This article was written by Microsoft employee Sonia Cuff as part of the Humans of IT Guest Blogger Series. Sonia shares about the universal truths that have appeared during her 24 years in tech that can apply to any career.


I have been in a technical role of some kind for the past 24 years. Twenty-four years! I had no idea that following my heart would take me on an adventure through this winding career path, but incrementally, every twist and turn has brought me to a dream job here at Microsoft.

I wasn’t always interested in tech. At school, I did “computers” as a subject and I was good at it, but I didn’t fall in love with BASIC coding on the Apple IIe. In fact, I wanted to be a flight attendant. A paid job in a bank straight after high school lured me away from my plans to study travel & tourism, so I never went into the travel industry. After two years in a bank branch, spending a fair amount of time on the “user” end of helpdesk calls as the resident branch tech expert (I was only 18 years old then!), they asked me to relocate to a different city and join the IT department there. It was December 1995 when I learnt lesson 1:


“Lesson 1: Change your plans.”


Sometimes opportunities come your way that didn’t fit your plans. And sometimes they are even better than your plans.


Could I work in an IT department, with no formal training? I had no idea, but they were willing to take a chance on me so we come to lesson 2:


“Lesson 2: If you are not sure – say yes.”


I was thrown into a project to build and deploy new workstations and servers to our branches nationwide. And I hated it. I had great colleagues who taught me everything, including one vivid session around a whiteboard explaining TCP/IP and subnet masks. But I struggled through the project work and the after-hours deployments, until I figured out why – I missed working with people! So, do I suck it up, after my employer had relocated me, or did I speak up about it? Lesson 3!


“Lesson 3: If you don’t like it, then leave.”


OK, there are all sorts of nuances with lesson 3. Understand that at the time I was living with a partner who could financially support me if this was going to be the end of my tech career, while I looked for a new job or did go and study, and we had no dependents. That makes it so much easier to take a risk and leave a role you are not enjoying. That said, sometimes you do have to suck it up for a while to keep feeding your family and paying the mortgage.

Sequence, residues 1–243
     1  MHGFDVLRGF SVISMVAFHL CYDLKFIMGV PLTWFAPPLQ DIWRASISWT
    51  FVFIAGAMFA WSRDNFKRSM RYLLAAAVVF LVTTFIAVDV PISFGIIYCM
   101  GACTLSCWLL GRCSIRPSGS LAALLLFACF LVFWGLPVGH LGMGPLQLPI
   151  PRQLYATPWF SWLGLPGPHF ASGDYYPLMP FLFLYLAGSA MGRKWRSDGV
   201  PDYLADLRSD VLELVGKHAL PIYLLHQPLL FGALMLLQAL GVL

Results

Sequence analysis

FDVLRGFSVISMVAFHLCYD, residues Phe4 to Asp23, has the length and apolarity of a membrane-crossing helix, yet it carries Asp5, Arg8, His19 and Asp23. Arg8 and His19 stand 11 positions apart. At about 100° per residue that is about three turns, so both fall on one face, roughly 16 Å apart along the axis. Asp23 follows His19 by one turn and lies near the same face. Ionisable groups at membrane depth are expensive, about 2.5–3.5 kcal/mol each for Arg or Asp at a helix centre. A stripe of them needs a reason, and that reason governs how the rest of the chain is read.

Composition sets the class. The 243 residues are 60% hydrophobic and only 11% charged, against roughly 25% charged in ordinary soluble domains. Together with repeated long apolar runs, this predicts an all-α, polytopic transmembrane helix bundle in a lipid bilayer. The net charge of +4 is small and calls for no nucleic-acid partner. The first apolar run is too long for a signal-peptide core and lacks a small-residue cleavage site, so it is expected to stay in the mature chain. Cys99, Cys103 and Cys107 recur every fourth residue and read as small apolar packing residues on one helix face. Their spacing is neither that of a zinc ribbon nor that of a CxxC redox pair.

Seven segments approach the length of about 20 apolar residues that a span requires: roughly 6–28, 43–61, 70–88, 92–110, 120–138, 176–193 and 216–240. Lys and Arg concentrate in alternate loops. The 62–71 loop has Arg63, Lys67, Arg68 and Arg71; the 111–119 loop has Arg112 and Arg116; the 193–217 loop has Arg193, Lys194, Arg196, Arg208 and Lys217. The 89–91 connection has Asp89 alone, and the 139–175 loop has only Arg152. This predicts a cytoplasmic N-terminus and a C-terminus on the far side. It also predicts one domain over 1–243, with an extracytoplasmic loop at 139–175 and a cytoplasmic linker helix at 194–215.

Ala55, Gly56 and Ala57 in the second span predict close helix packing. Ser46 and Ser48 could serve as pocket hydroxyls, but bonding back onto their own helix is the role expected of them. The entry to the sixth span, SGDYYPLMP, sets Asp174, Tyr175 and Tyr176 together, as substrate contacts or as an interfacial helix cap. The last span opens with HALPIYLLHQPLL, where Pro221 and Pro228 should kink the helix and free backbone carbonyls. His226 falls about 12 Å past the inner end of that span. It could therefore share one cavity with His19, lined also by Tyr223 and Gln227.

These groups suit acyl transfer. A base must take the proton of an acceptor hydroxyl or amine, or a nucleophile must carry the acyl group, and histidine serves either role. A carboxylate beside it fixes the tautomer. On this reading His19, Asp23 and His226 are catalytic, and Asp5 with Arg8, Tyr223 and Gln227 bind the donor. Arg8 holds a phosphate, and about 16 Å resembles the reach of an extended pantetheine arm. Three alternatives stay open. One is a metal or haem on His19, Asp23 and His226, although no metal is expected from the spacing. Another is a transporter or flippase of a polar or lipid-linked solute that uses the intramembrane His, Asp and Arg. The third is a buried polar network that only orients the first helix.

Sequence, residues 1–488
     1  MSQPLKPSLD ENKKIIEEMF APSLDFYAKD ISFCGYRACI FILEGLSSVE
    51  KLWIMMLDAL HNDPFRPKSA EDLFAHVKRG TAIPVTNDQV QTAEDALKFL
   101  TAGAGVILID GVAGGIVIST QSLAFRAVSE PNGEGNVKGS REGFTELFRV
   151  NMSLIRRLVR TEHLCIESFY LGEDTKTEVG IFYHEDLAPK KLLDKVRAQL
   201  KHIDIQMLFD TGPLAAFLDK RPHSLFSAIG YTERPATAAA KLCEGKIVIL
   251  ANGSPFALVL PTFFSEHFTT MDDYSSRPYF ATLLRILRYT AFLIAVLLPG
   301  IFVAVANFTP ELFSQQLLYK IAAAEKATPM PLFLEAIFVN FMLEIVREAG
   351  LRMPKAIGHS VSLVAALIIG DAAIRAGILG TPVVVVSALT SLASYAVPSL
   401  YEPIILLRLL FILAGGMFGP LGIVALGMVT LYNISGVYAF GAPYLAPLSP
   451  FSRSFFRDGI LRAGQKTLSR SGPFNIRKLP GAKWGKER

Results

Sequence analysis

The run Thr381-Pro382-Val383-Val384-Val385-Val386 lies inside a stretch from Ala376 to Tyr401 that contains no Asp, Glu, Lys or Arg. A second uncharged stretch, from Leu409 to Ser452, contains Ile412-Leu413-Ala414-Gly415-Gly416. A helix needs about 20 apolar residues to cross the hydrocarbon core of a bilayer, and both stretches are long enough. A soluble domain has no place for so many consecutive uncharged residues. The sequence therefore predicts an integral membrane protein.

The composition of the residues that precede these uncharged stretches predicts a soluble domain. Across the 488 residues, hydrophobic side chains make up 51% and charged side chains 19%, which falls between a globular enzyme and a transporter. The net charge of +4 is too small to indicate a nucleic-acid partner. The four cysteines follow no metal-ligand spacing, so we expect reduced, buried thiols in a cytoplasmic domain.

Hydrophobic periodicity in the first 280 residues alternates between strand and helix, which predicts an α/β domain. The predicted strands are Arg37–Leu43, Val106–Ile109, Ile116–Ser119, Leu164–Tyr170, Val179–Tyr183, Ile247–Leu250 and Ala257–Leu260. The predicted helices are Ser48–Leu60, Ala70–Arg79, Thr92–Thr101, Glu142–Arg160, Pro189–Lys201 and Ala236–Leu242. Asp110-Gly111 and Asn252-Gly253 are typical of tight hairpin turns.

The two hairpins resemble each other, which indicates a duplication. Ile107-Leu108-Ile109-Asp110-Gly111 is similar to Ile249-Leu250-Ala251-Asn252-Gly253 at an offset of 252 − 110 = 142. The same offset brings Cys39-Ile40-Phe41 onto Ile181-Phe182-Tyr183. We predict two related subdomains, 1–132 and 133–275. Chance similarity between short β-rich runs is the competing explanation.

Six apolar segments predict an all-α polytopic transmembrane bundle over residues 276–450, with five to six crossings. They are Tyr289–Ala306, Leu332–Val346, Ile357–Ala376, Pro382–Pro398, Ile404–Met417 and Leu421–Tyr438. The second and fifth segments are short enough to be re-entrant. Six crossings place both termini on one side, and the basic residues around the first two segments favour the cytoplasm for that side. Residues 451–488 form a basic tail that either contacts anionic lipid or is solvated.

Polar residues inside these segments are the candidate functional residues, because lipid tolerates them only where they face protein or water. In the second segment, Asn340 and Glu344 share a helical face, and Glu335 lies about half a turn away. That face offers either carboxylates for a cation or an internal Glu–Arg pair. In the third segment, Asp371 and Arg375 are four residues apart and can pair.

After confessing how I was feeling to my team leader… they gave me another chance in the second level support team. It was going to be sink or swim, so I dived into the basics – xcopying DOS files, installing token ring adapter drivers and more. Here’s where the groundwork was built in with lesson 4:


“Lesson 4: Learn and understand the basics.”


Tech concepts I learnt then are still foundational for the work I do today, and helped me build a strong troubleshooting skill. When things stopped working, I knew what to try next. I also built great working relationships with my colleagues, listening to those who had been in the industry longer than me and taking their advice. This was really informal mentoring before mentoring was a thing, and I soaked it up like a sponge. I jumped into email systems (MS Mail, Microsoft Exchange) and a large migration project, rising to become a Lotus Domino Systems Architect!


Now I’m at the peak of my tech skills inside this global organization – but do I really know what I’m talking about compared to others in the industry? Hello lesson 5!


“Lesson 5 – Take a chance”


I wrote up my CV, went for some interviews, and landed a role with a small IBM Partner.
The rest of my career has mostly been a repeat of those 5 main lessons. I continued to learn, continued to listen, and continued to take chances – then moving into a team leader role and finally as a Service Delivery Manager inside a large systems integrator.


After almost losing it all due to burnout, I changed my plans again – left the country and started a managed service provider looking after small and medium businesses. Here I learnt lesson 6:


“Lesson 6: Share your stories”


I became active on social media, attending user groups and conferences, and also blogging. I shared how I fixed errors or deployed things, and earned the title of Microsoft MVP. Then lesson 7 appeared: